According to an Oct. 10 press release by the Nanchang People’s Court, the plaintiff was required to prove that Tether is a legally issued fiat currency to bring a necessary cause of action for judicial relief.
The decision from the court becomes the second in China to decide that crypto lending is an activity outside the protection of the country’s legal system.
Filing a lawsuit
The press release states that Xiao Ming, an alias, alleged that in April 2021, Xiaogang, another alias, borrowed money from Ming, citing intentions to speculate in USDT coins. Xiaogang committed to repaying the loan to Ming within six months. Xiao Ming then converted over 550,000 yuan into more than 80,000 USDT coins, providing them as a loan to Xiaogang.
However, upon the expiration of the agreed-upon timeframe, Xiaogang failed to fulfill the repayment terms, prompting Ming to initiate a legal action by filing a lawsuit in court.
In the initial judgment, the lawsuit brought forth by the plaintiff, Ming, was rejected. The plaintiff then proceeded to appeal the case to the second-instance court, which concluded by dismissing the appeal and upholding the original judgment.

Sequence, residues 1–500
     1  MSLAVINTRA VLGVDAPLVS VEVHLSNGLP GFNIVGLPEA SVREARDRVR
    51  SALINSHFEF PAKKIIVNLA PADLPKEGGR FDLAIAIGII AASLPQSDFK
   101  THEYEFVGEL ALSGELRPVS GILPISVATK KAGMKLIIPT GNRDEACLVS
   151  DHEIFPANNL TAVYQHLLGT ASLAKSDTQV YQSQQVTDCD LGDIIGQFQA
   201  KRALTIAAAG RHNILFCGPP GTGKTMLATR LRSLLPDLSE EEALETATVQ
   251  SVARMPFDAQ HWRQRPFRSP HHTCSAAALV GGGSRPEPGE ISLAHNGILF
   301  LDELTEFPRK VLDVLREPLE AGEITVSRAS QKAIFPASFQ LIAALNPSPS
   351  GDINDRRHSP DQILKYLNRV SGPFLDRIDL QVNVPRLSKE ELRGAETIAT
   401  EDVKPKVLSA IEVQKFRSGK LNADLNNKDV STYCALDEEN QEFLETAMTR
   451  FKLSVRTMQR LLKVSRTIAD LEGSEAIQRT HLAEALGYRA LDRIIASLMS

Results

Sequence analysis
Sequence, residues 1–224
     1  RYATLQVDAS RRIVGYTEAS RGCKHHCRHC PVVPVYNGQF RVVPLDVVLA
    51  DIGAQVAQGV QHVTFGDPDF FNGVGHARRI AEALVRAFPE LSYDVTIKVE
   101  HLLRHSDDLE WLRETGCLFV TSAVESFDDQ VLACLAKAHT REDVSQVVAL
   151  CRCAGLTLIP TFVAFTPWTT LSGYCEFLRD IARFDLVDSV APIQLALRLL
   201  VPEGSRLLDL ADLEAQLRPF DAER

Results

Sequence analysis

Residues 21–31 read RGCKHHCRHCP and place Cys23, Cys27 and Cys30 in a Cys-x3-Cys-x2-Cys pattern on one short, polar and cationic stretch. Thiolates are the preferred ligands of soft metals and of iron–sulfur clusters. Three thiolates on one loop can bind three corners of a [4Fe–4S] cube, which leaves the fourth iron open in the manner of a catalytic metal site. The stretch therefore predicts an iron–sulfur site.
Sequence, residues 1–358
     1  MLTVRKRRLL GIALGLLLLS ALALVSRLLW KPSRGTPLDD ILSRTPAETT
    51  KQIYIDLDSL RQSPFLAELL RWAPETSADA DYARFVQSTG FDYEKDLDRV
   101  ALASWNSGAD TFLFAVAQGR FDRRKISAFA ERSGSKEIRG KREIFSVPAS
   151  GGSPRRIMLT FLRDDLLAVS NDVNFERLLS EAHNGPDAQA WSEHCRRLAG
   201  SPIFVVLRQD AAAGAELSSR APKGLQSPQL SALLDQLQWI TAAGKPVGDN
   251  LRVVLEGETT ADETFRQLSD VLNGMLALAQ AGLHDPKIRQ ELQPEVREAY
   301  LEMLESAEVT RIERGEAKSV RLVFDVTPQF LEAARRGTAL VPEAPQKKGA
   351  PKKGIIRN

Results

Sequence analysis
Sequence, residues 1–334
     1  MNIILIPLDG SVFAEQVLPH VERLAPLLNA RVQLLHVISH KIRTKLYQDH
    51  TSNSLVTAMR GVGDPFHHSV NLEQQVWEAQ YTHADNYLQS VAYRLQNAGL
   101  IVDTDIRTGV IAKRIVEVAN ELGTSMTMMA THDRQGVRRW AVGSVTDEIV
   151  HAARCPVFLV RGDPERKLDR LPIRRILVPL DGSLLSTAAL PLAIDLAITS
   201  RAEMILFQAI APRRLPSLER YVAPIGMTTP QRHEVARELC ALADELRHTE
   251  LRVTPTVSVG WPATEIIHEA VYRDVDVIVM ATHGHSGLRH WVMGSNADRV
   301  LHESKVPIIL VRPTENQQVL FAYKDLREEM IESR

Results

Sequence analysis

The judge went on to share:
“There are legal risks involved in participating in virtual currency investment and trading activities. If any legal person, unincorporated organization, or natural person invests in virtual currencies and related derivatives that violate public order and good customs, the relevant civil legal actions will be invalid, and the resulting losses shall be borne by them.“
An ongoing ban
In May 2021, China banned financial institutions and payment companies from providing any service related to cryptocurrency, with similar bans being having previously been issued in 2013 and 2017. The People’s Bank of China also said the government would be clamping down on virtual currency speculation to safeguard people’s properties.
The decision made in the second court ruling in the latest case show that authorities have no plans on deterring their stance.